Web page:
The plot thickens as investors decry that these cloaked machinations led the market, including the plaintiffs, into a treacherous trap. They were ensnared into purchasing Teva’s securities at soaring, unjustified prices. However, by May 30, 2019, the curtain was finally pulled back, revealing Teva’s alleged sinister role in the opioid epidemic, potentially costing them billions in damages and criminal liability.
Teva’s Opioid Web: Truth or Treachery?
Teva, recognized as the purveyor of opioid brands Actiq and Fentora, found approval from the U.S. Food and Drug Administration for their drugs. But investors have cried foul, suggesting Teva was well aware of the addictive nature of opioids. They accuse Teva of orchestrating a “masterful yet deceptive marketing blitz” since the 2000s, aiming to reshape public and medical perceptions about opioids, pushing them beyond their sanctioned use.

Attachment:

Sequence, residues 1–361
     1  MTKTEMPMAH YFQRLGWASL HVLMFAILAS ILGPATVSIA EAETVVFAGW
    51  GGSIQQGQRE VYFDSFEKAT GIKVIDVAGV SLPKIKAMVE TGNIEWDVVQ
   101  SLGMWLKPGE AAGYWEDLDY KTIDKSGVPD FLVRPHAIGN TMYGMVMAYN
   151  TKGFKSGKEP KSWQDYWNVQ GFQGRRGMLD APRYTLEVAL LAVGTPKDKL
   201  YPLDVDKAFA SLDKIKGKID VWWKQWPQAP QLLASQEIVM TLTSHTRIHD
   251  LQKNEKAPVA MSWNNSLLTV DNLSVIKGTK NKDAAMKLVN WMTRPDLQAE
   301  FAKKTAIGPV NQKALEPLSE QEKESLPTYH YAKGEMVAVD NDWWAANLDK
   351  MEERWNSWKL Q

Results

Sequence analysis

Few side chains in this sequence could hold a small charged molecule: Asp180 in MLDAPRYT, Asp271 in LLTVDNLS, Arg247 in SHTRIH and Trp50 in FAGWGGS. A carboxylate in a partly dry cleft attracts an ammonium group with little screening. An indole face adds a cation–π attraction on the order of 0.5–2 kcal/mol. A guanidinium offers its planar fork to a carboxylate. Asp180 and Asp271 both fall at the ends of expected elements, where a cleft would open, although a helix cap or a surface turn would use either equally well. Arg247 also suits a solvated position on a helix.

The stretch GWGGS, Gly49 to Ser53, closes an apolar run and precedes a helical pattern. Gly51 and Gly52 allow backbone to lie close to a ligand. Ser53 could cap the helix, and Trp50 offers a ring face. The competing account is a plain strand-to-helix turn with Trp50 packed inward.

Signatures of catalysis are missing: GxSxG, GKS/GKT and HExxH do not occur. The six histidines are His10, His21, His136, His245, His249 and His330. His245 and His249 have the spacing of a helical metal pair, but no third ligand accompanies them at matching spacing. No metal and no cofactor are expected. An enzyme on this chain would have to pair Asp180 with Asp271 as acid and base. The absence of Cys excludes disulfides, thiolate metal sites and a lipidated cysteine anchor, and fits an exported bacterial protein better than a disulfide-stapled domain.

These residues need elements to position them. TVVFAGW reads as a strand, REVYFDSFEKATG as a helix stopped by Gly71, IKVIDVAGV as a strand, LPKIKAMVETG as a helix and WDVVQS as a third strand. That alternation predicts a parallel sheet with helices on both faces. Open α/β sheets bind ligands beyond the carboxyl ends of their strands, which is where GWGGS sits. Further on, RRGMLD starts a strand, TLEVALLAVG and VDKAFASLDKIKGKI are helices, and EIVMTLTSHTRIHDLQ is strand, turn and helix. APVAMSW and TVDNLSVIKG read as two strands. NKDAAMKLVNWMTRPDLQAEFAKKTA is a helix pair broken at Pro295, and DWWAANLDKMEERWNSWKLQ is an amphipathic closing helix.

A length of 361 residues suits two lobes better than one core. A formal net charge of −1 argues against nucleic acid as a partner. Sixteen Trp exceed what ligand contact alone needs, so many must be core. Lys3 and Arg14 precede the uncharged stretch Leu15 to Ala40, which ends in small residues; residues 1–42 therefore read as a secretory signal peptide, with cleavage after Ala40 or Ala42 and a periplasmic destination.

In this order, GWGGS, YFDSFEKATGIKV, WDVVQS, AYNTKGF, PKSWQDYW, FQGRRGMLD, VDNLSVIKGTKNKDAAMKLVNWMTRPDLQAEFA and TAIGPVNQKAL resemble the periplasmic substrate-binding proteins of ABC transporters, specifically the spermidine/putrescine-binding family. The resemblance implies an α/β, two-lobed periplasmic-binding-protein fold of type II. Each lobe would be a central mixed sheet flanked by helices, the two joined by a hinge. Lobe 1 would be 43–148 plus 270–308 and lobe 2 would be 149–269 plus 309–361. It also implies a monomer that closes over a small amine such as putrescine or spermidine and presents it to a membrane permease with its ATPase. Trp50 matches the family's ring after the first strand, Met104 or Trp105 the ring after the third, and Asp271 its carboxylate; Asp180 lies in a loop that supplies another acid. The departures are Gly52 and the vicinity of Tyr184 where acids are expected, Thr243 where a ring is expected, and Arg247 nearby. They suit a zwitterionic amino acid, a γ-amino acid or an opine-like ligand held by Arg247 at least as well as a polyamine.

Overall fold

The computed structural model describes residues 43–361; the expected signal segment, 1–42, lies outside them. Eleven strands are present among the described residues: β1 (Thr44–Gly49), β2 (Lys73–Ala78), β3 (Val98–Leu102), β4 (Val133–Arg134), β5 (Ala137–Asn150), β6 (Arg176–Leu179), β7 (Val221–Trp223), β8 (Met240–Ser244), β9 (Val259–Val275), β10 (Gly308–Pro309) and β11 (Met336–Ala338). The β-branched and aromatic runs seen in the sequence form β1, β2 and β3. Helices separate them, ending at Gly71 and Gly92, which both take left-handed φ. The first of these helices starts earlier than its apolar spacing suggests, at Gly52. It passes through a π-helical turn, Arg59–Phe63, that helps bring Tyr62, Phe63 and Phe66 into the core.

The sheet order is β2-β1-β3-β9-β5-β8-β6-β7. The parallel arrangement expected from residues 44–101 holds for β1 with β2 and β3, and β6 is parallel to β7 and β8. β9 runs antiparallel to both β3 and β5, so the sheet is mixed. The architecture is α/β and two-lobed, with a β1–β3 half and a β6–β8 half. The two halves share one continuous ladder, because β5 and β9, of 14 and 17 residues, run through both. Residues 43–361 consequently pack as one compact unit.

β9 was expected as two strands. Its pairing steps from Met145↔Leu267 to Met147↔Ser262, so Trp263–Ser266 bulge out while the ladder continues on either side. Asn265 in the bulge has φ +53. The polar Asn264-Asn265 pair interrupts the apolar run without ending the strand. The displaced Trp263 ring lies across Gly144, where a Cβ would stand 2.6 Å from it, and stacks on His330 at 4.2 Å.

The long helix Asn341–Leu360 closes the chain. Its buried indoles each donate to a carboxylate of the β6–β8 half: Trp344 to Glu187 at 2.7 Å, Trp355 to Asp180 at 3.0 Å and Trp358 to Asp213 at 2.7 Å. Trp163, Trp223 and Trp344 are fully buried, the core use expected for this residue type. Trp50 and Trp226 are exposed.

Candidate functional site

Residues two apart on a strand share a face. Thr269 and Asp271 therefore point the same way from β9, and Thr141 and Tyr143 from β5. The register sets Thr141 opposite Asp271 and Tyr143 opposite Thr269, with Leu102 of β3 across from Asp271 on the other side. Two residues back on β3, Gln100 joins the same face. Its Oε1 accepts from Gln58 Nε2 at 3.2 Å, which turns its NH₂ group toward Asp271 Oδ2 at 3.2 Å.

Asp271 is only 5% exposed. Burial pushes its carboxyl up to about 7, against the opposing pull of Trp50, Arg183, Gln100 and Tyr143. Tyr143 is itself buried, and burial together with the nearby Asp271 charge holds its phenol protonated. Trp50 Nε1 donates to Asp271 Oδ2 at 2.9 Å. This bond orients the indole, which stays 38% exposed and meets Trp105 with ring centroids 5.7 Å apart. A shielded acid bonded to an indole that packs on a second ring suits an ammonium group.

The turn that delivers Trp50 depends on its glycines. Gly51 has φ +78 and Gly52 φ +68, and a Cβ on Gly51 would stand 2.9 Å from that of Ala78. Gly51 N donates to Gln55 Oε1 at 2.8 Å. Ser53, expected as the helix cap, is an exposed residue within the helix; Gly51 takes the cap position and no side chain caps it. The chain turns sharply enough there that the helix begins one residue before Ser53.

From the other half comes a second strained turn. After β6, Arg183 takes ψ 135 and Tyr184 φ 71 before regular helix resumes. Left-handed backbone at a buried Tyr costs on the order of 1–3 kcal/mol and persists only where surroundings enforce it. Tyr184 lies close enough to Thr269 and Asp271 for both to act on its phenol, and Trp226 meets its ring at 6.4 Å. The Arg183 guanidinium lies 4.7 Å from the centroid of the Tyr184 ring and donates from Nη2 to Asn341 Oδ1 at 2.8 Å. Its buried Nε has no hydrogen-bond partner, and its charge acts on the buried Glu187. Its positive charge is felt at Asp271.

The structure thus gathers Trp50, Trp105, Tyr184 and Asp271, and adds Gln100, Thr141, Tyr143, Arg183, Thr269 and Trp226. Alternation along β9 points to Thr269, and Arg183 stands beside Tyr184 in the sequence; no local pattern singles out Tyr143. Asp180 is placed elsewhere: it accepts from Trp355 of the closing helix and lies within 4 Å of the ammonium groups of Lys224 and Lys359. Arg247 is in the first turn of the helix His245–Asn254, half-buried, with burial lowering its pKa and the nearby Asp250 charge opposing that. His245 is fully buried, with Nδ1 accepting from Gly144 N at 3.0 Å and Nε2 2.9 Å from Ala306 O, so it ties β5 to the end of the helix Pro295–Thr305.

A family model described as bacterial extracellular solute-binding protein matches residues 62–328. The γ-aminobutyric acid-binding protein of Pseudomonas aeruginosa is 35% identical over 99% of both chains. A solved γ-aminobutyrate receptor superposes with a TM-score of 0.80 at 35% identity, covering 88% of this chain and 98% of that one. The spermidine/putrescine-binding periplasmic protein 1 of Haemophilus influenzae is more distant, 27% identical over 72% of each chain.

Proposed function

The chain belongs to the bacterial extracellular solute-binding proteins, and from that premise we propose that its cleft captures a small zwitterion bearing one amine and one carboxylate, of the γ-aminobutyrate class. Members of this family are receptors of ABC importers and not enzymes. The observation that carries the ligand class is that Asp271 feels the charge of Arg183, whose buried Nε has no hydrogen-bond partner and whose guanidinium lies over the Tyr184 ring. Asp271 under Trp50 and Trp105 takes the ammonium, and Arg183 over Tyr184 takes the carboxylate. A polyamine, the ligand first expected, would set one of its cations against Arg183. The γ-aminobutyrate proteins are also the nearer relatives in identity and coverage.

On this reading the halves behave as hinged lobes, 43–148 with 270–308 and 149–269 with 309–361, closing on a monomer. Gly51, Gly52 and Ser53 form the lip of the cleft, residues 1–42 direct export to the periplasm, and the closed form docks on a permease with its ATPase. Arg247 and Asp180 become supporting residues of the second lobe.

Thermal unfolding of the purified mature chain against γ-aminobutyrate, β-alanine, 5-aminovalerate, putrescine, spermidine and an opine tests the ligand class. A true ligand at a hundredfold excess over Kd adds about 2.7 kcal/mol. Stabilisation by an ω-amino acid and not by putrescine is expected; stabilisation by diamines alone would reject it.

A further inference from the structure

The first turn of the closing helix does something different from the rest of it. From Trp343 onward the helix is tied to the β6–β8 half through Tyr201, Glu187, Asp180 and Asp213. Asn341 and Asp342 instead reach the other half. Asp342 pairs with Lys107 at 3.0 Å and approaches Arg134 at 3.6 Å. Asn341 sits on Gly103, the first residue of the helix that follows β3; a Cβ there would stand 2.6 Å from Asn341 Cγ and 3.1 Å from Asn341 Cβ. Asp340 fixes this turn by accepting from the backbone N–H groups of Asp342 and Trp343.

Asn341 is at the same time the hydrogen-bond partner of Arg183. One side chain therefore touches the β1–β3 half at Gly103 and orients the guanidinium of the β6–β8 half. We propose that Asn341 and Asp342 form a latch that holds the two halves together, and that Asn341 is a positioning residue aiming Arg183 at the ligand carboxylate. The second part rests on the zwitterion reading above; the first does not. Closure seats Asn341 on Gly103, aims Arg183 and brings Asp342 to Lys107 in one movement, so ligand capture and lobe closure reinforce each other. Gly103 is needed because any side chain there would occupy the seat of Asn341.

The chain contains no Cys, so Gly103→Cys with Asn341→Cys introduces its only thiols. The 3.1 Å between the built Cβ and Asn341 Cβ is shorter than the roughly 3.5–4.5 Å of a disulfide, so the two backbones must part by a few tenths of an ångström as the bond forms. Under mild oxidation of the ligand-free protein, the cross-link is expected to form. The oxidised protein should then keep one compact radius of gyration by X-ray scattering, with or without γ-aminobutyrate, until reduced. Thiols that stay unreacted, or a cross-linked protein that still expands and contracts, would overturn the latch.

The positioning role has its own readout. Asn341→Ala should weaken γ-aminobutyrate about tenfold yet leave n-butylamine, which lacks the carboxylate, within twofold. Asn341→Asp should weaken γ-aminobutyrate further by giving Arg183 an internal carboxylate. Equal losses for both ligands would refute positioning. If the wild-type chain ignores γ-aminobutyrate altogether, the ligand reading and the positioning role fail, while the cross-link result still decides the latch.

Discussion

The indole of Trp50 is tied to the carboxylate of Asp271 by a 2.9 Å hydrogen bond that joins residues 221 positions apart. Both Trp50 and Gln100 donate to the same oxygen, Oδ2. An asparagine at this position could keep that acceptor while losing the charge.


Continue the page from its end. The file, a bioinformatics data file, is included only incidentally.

With a barrage of seemingly legitimate materials and spending millions, Teva, they allege, deployed a cavalry of sales representatives to influence doctors and spread misleading opioid narratives. The end goal? To inflate profits and normalize the long-term prescription of opioids for chronic pain, a move the investors label as “beyond the pale.”
The Avalanche of Legal Repercussions
The investors’ narrative surmises that Teva’s marketing maneuvers weren’t just known, but actively orchestrated by its upper echelons. As a result, Teva allegedly opened Pandora’s box, leading to a surge in opioid use and subsequent abuse. The evidence? Roughly 3,500 complaints filed against Teva or its cohorts.